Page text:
As an accounting professional, you are undoubtedly a numbers person. That distinction certainly serves you well when it comes to your day-to-day duties. But, when it's time for a job interview or a networking event, knowing how to crunch digits won't necessarily come in handy. You also need an impressive, and, perhaps more important, accurate, financial vocabulary.
Even if you feel you have a pretty decent grasp of the often difficult jargon, it never hurts to give yourself a refresher course every now and then. New expressions are injected into the financial vernacular almost on a weekly basis and yesterday's buzzwords have a way of phasing out quickly. Pay close attention to industry publications and make it a point to learn a few new words a month.
But, for those of you who don't know their asset from their LBO (that's, leveraged buyout), here's a brief introduction into the world of basic "accounting speak"…
Capitalize – To record an expenditure on the balance sheet as an asset, to be amortized over the future. The opposite is to expense. For example, research expenditures can be capitalized or expensed. If expensed, they are charged against income when the expenditure occurs. If capitalized, the expenditure is charged against income over a period of time usually related to the life of the products or services created by the research.
Deferred income – A liability that arises when a company is paid in advance for goods or services that will be provided later. For example, when a magazine subscription is paid in advance, the magazine publisher is liable to provide magazines for the life of the subscription. The amount in deferred income is reduced as the magazines are delivered.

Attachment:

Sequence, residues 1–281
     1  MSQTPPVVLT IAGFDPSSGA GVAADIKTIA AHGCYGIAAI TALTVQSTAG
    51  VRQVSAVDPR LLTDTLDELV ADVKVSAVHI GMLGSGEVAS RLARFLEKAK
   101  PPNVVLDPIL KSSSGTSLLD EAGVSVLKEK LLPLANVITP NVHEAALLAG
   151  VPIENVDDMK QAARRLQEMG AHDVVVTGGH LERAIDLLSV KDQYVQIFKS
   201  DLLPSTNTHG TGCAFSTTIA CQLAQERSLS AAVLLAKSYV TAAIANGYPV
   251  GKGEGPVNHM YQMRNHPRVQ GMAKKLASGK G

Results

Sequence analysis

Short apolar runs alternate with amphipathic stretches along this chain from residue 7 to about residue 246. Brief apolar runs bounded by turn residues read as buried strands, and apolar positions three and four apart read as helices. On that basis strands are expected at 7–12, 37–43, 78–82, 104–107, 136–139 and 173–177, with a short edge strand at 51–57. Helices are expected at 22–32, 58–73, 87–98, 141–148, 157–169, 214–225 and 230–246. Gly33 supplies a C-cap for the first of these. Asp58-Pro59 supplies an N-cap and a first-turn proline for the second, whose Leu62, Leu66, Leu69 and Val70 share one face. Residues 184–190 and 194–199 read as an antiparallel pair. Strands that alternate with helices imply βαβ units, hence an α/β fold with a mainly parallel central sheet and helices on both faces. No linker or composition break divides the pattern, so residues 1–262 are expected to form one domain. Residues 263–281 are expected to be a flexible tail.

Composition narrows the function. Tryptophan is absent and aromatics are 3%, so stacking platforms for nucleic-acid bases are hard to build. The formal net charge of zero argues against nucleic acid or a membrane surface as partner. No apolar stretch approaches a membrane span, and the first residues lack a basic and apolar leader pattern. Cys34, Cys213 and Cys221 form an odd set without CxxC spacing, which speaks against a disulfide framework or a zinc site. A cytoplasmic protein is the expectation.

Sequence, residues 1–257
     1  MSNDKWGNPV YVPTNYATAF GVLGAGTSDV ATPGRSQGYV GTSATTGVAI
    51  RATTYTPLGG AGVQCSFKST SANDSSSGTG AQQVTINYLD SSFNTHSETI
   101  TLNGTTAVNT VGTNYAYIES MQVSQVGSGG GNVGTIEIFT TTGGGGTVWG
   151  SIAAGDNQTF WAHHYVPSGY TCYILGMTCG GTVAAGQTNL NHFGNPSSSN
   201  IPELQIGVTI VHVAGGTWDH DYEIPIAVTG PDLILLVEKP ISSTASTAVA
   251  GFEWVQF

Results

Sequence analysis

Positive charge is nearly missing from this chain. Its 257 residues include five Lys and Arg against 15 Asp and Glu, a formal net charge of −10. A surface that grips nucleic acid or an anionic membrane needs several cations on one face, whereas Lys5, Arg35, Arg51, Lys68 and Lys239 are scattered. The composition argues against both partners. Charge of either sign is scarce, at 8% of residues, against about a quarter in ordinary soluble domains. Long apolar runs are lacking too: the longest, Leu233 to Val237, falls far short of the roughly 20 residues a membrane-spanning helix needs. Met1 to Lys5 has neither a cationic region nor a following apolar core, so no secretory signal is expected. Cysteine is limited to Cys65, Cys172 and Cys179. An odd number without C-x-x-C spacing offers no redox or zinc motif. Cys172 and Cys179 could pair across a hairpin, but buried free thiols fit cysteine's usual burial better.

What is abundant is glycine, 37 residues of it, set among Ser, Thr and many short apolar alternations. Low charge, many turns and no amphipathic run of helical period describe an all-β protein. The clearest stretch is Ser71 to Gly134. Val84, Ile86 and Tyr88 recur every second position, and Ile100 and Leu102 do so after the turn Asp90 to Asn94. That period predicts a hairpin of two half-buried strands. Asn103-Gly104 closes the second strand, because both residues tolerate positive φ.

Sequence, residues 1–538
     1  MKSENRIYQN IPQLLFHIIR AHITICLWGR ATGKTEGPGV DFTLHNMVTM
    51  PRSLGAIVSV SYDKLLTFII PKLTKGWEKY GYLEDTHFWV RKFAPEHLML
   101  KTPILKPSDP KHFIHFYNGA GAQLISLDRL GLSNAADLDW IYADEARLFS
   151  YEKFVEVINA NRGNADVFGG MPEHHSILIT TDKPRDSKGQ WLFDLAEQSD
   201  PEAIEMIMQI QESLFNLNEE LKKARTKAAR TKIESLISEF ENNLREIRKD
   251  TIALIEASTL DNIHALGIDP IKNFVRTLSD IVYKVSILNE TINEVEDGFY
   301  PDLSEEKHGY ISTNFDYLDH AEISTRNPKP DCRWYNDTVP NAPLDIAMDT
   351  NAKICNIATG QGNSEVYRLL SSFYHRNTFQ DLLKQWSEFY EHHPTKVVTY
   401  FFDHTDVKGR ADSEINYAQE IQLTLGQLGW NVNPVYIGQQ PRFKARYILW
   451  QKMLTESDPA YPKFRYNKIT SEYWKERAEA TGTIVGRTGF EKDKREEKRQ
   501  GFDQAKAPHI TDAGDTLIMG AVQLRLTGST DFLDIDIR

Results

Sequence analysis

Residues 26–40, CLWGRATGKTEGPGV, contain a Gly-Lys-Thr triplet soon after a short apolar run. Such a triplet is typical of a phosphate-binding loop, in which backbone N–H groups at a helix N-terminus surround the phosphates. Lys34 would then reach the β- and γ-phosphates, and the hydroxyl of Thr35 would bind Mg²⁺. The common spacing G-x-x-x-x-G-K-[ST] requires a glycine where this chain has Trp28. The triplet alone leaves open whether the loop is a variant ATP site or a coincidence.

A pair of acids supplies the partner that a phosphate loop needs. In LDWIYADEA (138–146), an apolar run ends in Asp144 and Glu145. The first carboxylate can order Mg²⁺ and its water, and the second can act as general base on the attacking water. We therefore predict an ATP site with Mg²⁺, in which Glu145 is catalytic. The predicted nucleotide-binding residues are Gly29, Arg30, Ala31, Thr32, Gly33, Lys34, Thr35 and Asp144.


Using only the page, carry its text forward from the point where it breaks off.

Discounted cash flow – A system for evaluating investment opportunities that discounts or reduces the value of future cash flow.
Inventory turnover – A ratio that indicates the amount of inventory a company uses to support a given level of sales. The formula is: Inventory Turnover = Cost of Sales / Average Inventory. Different businesses have different general turnover levels. The ratio is significant in comparison with the ratio for previous periods or the ratio for similar businesses.
Retained earnings – Profits not distributed to shareholders as dividends; the accumulation of a company's profits less any dividends paid out. Retained earnings are not spendable cash.
Trial balance – At the close of an accounting period, the transactions posted in the ledger are added up. A test or trial balance sheet is prepared with assets on one side and liabilities and capital on the other. The two sides should balance. If they don't, the accountants must search through the transactions to find out why. They keep making trial balances until the balance sheet balances.
Working capital – Current assets minus current liabilities. In most businesses the major components of working capital are cash, accounts receivable, and inventory minus accounts payable. As a business grows it will have larger accounts receivable and more inventory. Thus the need for working capital will increase.
Yes, the language of finance is indeed a fascinating one. If you'd like to become more fluent, brush up on your vocabulary, or simply look up a word you heard or read somewhere, be sure to check out the "Money 101 Glossary".